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January 19 in Nerd History
Here are five things that happened on January 19th at the intersection of nerd and pop culture.
Birthdays of honor: Dolly Parton (1946), Edgar Allan Poe (1809), Janis Joplin (1943), Katey Sagal (1954), Jodie Sweetin (1982), Robert Palmer (1949), Paul Rodriguez (1955).
34 years ago, in 1990, one of the great movies in film made its way into theaters. That’s right, we’re talking about Tremors, the tale of prehistoric giant worms who decide they’ve had enough of the podunk town of Perfection, Nevada.
Starring Kevin Bacon, Fred Ward, Finn Carter, Michael Gross, and Reba McEntire, turns out all you need to defeat ancient monsters are some handymen, a geologist, and a couple of good ol’ fashion survivalists — along with a touch of wit.
This movie should have been a monster hit, and depending on who you ask, it feels like it was. But it actually opened at number 5 at the box office, and barely even turned a profit. It was the home video market that turned this quirky monster movie into a monster hit, making it the most-rented movie of 1990 and spawning a franchise.
Sometimes you can tell when a show is writing around an actress who’s pregnant — there’s a new plot twist to explain the baby, they take an extended vacation for some random reason, or you simply don’t see them anywhere from the neck down for half a season.
But if you’re talking I Love Lucy, the lines between reality and fiction were completely blurred, especially when the storyline of fictional couple Lucy and Ricky having a fictional kiddo coincided with real-life Lucy and Dezi having a real-life kiddo. And it all culminated today in 1953 when “Lucy Goes to the Hospital” aired, in which, you guessed it, Lucy gives birth.
And just to sprinkle in a little more mind-numbing reality/fiction blurring, Lucille Ball had in reality given birth to Dezi Arnaz, Jr. just 12 hours before the episode aired (it had been filmed a couple of months earlier). They at least got a different kid to act in the show, but yeesh.
Fans LOVED it. It’s estimated that 73.9% of the American viewing public turned in for the episode, equating to some 44 million people — 15 million more than the inauguration of President Dwight D. Eisenhower received the very next day.
Today in 1981, Muhammad Ali literally saved a dude’s life.
Credit: Boris Yaro/Los Angeles Times
A crowd had gathered as a man only identified as “Joe” stood nine floors up, apparently delusional and threatening to jump. Police and others implored him to step inside for hours.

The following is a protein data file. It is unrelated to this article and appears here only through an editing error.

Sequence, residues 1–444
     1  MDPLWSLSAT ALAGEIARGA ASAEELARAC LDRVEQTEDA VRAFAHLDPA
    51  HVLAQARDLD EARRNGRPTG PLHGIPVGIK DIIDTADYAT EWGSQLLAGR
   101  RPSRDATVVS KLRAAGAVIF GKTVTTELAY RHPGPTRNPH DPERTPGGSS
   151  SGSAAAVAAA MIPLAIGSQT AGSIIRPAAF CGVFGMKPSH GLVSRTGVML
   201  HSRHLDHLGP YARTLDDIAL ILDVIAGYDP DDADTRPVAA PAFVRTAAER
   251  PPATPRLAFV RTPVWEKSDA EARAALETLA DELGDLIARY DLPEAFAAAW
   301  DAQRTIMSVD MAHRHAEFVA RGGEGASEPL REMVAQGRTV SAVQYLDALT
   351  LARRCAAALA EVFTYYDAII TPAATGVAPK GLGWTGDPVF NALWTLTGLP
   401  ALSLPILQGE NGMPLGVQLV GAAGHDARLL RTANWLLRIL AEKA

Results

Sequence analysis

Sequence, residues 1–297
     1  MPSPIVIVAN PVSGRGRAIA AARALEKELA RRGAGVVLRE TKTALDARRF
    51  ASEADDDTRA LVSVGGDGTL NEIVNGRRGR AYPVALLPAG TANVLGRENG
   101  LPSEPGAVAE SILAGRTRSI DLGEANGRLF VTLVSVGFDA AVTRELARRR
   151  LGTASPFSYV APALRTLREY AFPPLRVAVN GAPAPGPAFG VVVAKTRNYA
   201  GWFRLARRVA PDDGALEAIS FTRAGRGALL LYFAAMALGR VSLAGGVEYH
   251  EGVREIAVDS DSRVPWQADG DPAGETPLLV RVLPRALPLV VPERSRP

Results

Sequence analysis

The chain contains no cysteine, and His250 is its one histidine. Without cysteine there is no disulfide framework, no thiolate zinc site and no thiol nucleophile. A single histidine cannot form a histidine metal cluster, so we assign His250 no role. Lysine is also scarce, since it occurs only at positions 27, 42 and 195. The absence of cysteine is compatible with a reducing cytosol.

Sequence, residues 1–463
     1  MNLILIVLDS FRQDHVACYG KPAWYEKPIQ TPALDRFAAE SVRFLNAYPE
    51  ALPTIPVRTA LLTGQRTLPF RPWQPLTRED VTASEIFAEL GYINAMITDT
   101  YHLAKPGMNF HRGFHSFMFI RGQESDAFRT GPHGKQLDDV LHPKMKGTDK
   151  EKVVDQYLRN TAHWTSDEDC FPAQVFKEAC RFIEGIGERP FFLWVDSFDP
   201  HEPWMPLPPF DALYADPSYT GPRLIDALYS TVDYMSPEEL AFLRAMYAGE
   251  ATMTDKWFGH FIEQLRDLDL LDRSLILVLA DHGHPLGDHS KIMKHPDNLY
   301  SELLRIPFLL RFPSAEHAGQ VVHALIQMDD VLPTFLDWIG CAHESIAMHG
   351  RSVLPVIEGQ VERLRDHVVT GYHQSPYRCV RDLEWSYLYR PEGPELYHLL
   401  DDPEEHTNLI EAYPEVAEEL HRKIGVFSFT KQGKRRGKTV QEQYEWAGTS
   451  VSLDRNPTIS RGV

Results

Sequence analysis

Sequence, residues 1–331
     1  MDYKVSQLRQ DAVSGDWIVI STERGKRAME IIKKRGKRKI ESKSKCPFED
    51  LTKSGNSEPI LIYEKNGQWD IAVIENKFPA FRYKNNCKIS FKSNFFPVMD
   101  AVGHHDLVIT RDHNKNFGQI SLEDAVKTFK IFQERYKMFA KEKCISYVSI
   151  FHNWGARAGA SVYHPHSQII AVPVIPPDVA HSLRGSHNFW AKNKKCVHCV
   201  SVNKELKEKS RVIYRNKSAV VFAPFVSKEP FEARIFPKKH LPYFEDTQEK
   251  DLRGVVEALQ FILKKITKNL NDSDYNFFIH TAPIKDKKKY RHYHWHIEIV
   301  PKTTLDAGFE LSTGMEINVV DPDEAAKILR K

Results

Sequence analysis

One of Ali’s best friends, Howard Bingham, happened to be at the scene and called Ali to tell him what was going on. Minutes later the legendary boxer was spotted driving his Rolls-Royce the wrong way down the street with blinking lights and immediately ran into the building when he arrived.
According to the Los Angeles Times, Ali leaned his head out the window and spoke directly to the man: “You’re my brother! I love you, and I couldn’t lie to you.” He then walked onto the fire escape, put his arm around Joe, and led him back into the building. Ali then drove Joe to a nearby V.A. hospital.
It’s not the first thing most people think of when they think of Muhammad Ali, especially since it happened at the tail end of his boxing career — but it’s certainly a story worth remembering.
30 years ago today, “All for Love” by Bryan Adams, Rod Stewart, and Sting was the top song in the country, recorded for the extremely ’90s film version of The Three Musketeers.
And yes, those are three dudes who essentially have slightly different versions of the same singing voice. Amazingly, it didn’t cause a black hole to develop and swallow the universe.
The “That Really Happened” Moment of the Day
No Mom, you can’t call grandma, because I’ll be spending the next three hours getting connected and then five more downloading a single picture. Deal with it!
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Which iconic ’90s TV character was supposed to be a one-off?
If Steve Jobs had listened to me, we’d be roughly on the Apple XXV by now. But no, instead Apple had the idea to build an easy-to-use personal computer for the masses and decided to call it the Macintosh.
Fast forward a bit, and we now just call them Macs. Thank goodness, because who has the time for -intosh these days? And if you’re in a coffee shop with a laptop and it’s not a MacBook, you’re going to feel really awkward.
While these computers have become a core part of many people’s lives, some will remember the days when the very first Macintosh hit the market. When was that?
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